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Media Domino: A Blog About Student Debt Let’s Honor Our Servicemembers by Upholding the Promise of PSLF

Let’s Honor Our Servicemembers by Upholding the Promise of PSLF

By Amy Czulada and Peter Perkowski | May 30, 2023

This week marks Memorial Day, and we honor the servicemembers who have made the ultimate sacrifice to protect and defend our country and its most deeply held principles. As we support all veterans and servicemembers, we cannot overlook the $2.9 billion of student loan debt that inhibits more than 200,000 of them from fully realizing the American Dream. The Biden Administration must continue to uphold promises of fixing the broken student loan system to ensure that programs designed to make education affordable and attainable for all veterans, servicemembers, and their families remain a viable option. 

Over the past two years, programmatic changes have provided increased pathways to student debt cancellation, but recent attacks on student debt relief could imperil this relief for this vulnerable population. 

In fact, over just this past Memorial Day weekend, President Biden and Speaker McCarthy announced a deal to raise the federal government’s debt limit. Unfortunately, this deal includes an agreement to codify the end to the pause on federal student loan payments, interest charges, and debt collection that has been a vital lifeline for financially vulnerable servicemembers for more than three years. The payment pause will now end regardless of the Supreme Court’s decision on President Biden’s debt relief plan, which is expected in June. 

This rapid (and reckless) return to repayment also raises the stakes for military families counting on Public Service Loan Forgiveness (PSLF). The promise of PSLF is simple: after ten years of working in public service and making payments, any remaining student debt is cancelled.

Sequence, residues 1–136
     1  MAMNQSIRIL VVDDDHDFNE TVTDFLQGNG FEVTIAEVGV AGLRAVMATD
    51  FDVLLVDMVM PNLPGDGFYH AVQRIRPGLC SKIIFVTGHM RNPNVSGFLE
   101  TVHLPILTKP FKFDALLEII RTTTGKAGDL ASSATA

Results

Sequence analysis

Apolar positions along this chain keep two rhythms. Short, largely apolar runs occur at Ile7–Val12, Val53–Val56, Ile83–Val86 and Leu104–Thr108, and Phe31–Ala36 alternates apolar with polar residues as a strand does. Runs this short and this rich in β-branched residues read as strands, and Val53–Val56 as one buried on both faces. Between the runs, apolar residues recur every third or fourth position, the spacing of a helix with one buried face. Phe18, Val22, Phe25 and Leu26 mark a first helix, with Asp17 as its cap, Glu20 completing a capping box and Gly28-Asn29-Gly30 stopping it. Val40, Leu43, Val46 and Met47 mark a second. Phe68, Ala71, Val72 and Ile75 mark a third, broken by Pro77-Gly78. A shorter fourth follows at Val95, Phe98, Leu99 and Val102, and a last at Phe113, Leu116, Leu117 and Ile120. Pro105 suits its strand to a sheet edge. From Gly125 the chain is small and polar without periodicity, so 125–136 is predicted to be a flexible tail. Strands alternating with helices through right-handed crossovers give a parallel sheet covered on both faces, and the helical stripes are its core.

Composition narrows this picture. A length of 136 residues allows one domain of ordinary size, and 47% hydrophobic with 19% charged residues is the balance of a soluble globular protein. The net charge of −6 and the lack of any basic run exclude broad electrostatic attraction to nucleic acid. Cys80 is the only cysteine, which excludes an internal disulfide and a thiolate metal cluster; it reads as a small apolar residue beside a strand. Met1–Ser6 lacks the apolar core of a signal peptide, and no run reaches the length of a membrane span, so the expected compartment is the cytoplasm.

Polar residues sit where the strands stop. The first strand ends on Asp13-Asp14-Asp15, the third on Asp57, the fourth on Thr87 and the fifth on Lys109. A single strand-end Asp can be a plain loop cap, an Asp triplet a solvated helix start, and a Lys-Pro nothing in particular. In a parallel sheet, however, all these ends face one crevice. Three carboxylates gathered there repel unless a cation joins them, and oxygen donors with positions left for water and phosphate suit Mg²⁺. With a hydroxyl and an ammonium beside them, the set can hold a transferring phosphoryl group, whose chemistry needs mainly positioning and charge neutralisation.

Despite this very clear promise, bureaucratic hurdles and servicing abuses have historically blocked veterans and servicemembers from achieving PSLF cancellation. Veterans looking to get their time in service to count for PSLF have had trouble getting their PSLF forms signed by their former superior officers, often hitting roadblock after roadblock. After serving our country, they were repaid with a PSLF program plagued with administrative failures, thus leaving them with debt that the law says should be cancelled.

Enter the PSLF waiver in October 2021. To address the multitude of administrative issues that kept student loan borrowers from accessing debt relief through PSLF, the U.S. Department of Education implemented a time-limited PSLF waiver to increase borrowers’ ability to accrue PSLF credit. Borrowers were able to receive past credit for time spent working in public service, making it easier for veterans and servicemembers to have their past military service – which was previously excluded due to administrative barriers and an array of clerical errors – finally recognized. During the waiver period, the Department announced that it would allow former and current servicemembers to submit DD214s to verify their service in the military, rather than tracking down former superior officers to personally do so. This fundamentally changed the landscape for veterans seeking PSLF and resulted in PSLF cancellation for tens of thousands of borrowers who served in the military. 

PSLF is a valuable incentive tool to support an all-volunteer service – so valuable that the military itself has advocated for its preservation:

Eliminating or restricting the PSLF Program would have a significant impact on recruiting and retention … at a time when the services are vying with an expanding and robust private sector to recruit and retain our most capable people.